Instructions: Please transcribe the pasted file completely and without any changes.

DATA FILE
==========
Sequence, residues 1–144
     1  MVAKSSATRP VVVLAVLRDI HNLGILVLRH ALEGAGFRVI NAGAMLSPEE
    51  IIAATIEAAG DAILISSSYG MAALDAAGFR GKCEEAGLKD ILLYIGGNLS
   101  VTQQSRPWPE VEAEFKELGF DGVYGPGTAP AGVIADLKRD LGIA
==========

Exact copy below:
Sequence, residues 1–144
     1  MVAKSSATRP VVVLAVLRDI HNLGILVLRH ALEGAGFRVI NAGAMLSPEE
    51  IIAATIEAAG DAILISSSYG MAALDAAGFR GKCEEAGLKD ILLYIGGNLS
   101  VTQQSRPWPE VEAEFKELGF DGVYGPGTAP AGVIADLKRD LGIA